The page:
In this lecture we address several aspects of environmental ethics, from the hotly debated topic of global warming to our production and distribution of natural goods.
The Empathic Civilization
One of the most influential moral theories for environmentalism is Aldo Leopold’s land ethic. Described by Leopold in his classic, A Sand County Almanac,
The land ethic simply enlarges the boundaries of the community to include soils, waters, plants, and animals, or collectively: the land…[A] land ethic changes the role of Homo sapiens from conqueror of the land-community to plain member and citizen of it. It implies respect for his fellow-members, and also respect for the community as such.
He also presents the land ethic in the form of a simple moral principle:
A thing is right when it tends to preserve the integrity, stability, and beauty of the biotic community. It is wrong when it tends otherwise.
The land ethic formulated by Leopold is an inherently empathic moral vision. It relies on the capacity of human beings to move beyond the narrow, short term scope of self-interest, and consider what is required to maintain and foster the long term health of both human beings and the world in which we live.
Jeremy Rifkin here takes a look at the evolution of empathy and the profound ways that it has shaped our social and cultural development, suggesting it would not be unnatural for something like the land ethic to take root in the moral imagination of human beings.
For an overview of some recent data relative to global warming, here is an update from Al Gore on climate change statistics.
Stewart Brand, and early American environmentalist and founder of the Whole Earth Catalog, here exposes what he believes are four myths of traditional thinking on environmental issues.
- Clive Hamilton on Facing Up to Climate Change
- Al Gore on 15 Ways to Avert a Climate Crisis
- Al Gore on New Thinking on the Climate Crisis
- The Greatest Good – a film on the environmental efforts of the Forest Service in the US
Measuring Our Progress
In business one of the most common ways of trying to measure human impact on global warming is to add it to one’s routine form for measuring success: the balance sheet. If you add columns for social and environmental impact, you can evaluate your performance in a more comprehensive manner. Dubbed the “triple bottom line,” this approach evaluates a business on the basis of the traditional financial report, and adds to it a social and an environmental bottom lines. The impact of the social bottom line can be observed in the now dominant trend of social responsibility programs, in which organizations add a kind of culturally moral element to their public relations and marketing initiatives. It’s a way of saying, “Here’s what we’re doing for the communities of which we are a part, and here is how our work is affecting the natural world.”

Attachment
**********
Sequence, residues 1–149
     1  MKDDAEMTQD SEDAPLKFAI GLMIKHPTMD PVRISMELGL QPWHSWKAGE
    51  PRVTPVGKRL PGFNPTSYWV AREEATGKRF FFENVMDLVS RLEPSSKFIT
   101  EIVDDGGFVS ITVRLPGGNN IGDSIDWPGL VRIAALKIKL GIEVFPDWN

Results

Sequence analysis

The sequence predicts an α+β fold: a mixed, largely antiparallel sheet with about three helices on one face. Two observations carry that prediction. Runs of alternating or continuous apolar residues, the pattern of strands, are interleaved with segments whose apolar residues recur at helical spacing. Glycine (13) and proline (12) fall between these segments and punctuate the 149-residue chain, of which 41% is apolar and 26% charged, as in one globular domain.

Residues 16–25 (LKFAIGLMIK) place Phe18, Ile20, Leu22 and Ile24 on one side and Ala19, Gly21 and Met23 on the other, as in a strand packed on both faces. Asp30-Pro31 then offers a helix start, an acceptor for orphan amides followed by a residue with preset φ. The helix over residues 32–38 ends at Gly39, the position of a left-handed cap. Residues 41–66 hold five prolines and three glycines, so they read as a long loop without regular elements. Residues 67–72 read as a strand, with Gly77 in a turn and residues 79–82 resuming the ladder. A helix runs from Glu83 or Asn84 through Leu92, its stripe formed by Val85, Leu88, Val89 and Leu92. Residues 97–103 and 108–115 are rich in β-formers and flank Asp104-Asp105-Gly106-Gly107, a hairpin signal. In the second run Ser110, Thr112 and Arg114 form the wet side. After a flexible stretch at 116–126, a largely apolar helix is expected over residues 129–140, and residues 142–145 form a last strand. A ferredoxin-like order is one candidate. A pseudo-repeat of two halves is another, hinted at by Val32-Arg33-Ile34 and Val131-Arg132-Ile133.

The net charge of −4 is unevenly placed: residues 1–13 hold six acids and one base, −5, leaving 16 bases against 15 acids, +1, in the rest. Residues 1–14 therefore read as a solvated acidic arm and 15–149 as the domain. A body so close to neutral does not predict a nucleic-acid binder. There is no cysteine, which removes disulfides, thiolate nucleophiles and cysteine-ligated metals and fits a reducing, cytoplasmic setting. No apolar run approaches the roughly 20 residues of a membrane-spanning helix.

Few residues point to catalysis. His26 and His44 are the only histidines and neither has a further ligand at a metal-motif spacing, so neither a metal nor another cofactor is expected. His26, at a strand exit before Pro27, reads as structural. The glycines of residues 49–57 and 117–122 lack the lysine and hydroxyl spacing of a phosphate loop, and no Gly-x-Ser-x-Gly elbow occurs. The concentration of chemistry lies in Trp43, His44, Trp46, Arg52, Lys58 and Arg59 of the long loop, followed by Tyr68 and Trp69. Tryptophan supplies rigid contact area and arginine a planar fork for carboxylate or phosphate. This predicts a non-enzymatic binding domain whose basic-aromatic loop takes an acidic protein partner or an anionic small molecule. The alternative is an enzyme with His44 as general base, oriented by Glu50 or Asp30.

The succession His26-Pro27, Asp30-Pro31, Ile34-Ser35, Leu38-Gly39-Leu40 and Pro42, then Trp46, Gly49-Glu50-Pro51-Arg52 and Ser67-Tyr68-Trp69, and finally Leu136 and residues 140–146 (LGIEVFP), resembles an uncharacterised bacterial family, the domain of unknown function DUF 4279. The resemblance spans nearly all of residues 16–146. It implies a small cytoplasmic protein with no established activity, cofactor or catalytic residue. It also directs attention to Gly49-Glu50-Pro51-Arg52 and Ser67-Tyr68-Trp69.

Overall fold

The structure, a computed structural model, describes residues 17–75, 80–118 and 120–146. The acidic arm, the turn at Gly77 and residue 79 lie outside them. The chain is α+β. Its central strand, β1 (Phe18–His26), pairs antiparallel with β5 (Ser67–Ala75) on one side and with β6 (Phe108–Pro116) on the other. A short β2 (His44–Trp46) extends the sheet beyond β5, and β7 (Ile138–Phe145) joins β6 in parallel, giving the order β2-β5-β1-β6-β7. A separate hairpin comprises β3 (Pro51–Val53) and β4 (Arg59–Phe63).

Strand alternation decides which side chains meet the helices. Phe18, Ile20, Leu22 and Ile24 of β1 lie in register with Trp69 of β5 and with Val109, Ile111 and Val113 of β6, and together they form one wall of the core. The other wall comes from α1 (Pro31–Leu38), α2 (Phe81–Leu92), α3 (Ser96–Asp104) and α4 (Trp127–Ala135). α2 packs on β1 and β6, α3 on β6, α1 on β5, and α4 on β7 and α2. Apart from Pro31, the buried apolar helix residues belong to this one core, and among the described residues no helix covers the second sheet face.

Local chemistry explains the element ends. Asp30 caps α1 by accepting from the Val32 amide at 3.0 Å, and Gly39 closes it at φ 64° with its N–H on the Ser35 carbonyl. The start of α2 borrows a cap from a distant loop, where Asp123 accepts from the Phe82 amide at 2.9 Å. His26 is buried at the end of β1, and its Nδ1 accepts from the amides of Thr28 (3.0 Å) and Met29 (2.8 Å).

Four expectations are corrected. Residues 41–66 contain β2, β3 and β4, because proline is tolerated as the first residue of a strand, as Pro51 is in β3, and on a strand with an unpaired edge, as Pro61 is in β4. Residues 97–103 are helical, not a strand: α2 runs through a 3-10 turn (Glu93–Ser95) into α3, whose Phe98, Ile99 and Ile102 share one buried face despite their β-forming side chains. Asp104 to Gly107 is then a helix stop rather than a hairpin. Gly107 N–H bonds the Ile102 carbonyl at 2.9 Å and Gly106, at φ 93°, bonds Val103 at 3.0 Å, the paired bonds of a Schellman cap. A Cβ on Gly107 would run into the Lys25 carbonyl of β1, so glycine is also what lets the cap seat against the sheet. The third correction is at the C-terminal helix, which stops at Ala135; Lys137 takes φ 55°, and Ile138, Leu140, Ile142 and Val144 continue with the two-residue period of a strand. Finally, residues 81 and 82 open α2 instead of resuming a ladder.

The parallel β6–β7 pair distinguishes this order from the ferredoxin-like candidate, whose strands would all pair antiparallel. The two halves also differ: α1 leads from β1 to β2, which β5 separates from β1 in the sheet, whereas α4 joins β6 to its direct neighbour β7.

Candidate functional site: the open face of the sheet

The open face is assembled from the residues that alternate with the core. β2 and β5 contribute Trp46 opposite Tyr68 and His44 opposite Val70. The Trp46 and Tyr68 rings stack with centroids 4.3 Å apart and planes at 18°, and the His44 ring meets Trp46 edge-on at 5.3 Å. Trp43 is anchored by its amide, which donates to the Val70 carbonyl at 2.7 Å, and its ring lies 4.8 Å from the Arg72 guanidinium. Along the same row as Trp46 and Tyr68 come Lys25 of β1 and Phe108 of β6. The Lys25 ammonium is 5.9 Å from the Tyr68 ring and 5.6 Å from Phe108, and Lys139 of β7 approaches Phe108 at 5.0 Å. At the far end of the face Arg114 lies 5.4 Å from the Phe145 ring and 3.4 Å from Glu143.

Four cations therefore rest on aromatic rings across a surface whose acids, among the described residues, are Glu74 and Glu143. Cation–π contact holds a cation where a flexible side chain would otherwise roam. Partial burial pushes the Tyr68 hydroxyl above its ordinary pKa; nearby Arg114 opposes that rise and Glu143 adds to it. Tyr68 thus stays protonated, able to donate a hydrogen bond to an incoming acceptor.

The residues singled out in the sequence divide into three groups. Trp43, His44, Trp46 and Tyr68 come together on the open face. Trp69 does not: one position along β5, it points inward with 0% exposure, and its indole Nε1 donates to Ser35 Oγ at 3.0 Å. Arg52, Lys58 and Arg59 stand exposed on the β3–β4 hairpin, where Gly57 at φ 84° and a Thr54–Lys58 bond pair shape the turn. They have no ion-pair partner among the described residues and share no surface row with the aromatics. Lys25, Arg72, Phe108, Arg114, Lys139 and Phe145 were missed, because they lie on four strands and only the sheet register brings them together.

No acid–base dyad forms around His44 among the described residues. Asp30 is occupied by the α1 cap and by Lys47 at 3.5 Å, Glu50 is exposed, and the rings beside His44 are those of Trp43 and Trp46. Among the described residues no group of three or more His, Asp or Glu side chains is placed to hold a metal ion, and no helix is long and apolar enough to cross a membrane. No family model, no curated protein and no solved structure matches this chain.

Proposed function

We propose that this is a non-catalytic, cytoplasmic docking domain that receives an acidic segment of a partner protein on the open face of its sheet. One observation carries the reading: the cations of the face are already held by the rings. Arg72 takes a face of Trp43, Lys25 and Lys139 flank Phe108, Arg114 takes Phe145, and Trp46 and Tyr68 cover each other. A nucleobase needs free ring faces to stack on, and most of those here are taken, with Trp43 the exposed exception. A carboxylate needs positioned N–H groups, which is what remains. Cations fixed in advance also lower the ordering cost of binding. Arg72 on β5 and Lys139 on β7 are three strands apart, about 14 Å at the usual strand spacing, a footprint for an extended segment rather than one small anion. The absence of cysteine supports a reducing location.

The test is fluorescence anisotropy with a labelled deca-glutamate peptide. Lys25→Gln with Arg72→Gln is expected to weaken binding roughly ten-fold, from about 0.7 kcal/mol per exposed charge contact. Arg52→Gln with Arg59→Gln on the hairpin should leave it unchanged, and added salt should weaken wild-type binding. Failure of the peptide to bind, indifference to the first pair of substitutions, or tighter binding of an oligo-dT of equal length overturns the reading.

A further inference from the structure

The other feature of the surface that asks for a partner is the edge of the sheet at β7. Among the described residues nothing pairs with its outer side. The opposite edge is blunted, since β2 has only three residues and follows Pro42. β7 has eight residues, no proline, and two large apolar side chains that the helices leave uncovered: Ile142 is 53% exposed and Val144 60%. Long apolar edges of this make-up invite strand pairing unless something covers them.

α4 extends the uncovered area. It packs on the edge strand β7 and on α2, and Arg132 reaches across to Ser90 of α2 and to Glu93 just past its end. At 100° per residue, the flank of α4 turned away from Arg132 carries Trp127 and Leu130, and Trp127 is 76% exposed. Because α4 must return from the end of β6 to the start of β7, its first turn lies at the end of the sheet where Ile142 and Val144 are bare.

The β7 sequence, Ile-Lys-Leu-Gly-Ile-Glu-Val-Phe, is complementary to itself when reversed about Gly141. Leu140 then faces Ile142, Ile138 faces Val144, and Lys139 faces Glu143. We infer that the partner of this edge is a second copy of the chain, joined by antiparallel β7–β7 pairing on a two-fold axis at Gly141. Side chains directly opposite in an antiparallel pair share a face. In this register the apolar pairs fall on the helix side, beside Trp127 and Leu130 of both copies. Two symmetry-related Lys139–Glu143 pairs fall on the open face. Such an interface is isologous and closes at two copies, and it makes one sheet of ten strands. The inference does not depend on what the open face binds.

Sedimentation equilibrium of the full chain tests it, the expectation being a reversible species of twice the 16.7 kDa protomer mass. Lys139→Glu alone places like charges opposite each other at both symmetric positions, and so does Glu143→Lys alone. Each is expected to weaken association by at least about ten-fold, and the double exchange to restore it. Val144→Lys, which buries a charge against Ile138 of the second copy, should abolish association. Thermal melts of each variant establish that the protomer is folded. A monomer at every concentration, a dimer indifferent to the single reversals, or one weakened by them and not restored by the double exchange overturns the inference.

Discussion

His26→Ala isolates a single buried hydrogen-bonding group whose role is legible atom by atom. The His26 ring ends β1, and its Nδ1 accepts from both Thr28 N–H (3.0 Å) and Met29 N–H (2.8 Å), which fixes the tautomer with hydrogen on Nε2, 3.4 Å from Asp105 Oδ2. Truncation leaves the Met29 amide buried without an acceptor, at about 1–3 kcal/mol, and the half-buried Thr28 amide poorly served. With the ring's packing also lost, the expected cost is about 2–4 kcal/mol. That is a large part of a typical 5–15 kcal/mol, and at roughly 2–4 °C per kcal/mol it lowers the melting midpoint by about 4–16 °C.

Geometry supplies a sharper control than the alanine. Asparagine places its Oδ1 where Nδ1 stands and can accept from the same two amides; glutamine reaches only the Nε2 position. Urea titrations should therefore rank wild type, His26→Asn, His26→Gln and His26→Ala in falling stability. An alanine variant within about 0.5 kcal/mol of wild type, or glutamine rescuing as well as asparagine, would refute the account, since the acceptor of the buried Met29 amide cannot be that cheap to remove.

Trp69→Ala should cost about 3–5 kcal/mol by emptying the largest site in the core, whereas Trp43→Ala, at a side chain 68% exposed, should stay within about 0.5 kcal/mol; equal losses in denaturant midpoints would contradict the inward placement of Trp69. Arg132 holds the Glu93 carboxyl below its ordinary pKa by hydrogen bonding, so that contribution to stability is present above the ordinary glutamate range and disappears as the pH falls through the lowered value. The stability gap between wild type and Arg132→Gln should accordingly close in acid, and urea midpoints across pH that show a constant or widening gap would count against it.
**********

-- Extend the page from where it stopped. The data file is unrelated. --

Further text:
More comprehensive means of accountability have also been developed, e.g. the Open Climate Network. In the following talks we will take a more detailed look at two strategies for evaluating our progress on solving environmental problems.
Since retiring from Microsoft, Bill Gates has been pioneering the movement to change change the course of global warming. In this presentation he explains how far our innovation in this area has to go, and connects the issue of environmental health to some of our more immediately needed natural resources.
Johan Rockstrom proposes a new set of criteria for measuring our social and economic development. In a way he captures the idea of the tripple bottom line in a natural framework. Our development, which includes our economics, our social and political institutions, and our moral standards, he argues would be measured and guided by what he calls our nine “planetary boundaries”.
Hans Rossling’s Magic Washing Machine [/sws_yellow_box]
Food & Water
In addition to the health of the world as a whole, the topic of natural resources brings up the issue of how well the world is designed to care for the health of individual human beings. So how do things look with respect to the basic necessities of human life?
Using the tools of motion graphic design, this video created by Denis van Waerebeke visualizes the basic elements of food production in the world:
The Story of Bottled Water takes the Story of Stuff approach to tell the story of manufactured demand for bottled water.
Compare this to the work of Matt Damon starting an organization (Water.org) to bring water to people losing not only their health but many cases their lives due to want of clean water.
Paul Collier’s Four Ways to Improve the Lives of the Bottom Billion [/sws_yellow_box]
An Image of Sustainability
Dan Barber, a chef at Blue Hill Restaurant in New York, tells a story revealing what may be possible in food production if more sustainable priorities were to be embraced.
Dan Phillips on A More Sustainable Way to Build Homes [/sws_yellow_box]